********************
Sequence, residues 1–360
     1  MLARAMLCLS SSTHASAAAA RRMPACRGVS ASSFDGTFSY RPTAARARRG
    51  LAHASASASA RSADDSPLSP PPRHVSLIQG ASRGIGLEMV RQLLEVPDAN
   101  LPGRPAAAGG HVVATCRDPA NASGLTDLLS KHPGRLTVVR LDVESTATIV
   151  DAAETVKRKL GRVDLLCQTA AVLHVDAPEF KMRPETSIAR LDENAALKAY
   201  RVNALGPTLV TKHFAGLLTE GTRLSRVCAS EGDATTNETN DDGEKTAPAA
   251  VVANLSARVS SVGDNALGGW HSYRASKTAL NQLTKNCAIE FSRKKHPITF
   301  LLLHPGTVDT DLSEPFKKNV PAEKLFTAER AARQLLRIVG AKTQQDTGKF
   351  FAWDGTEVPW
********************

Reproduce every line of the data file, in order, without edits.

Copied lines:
Sequence, residues 1–360
     1  MLARAMLCLS SSTHASAAAA RRMPACRGVS ASSFDGTFSY RPTAARARRG
    51  LAHASASASA RSADDSPLSP PPRHVSLIQG ASRGIGLEMV RQLLEVPDAN
   101  LPGRPAAAGG HVVATCRDPA NASGLTDLLS KHPGRLTVVR LDVESTATIV
   151  DAAETVKRKL GRVDLLCQTA AVLHVDAPEF KMRPETSIAR LDENAALKAY
   201  RVNALGPTLV TKHFAGLLTE GTRLSRVCAS EGDATTNETN DDGEKTAPAA
   251  VVANLSARVS SVGDNALGGW HSYRASKTAL NQLTKNCAIE FSRKKHPITF
   301  LLLHPGTVDT DLSEPFKKNV PAEKLFTAER AARQLLRIVG AKTQQDTGKF
   351  FAWDGTEVPW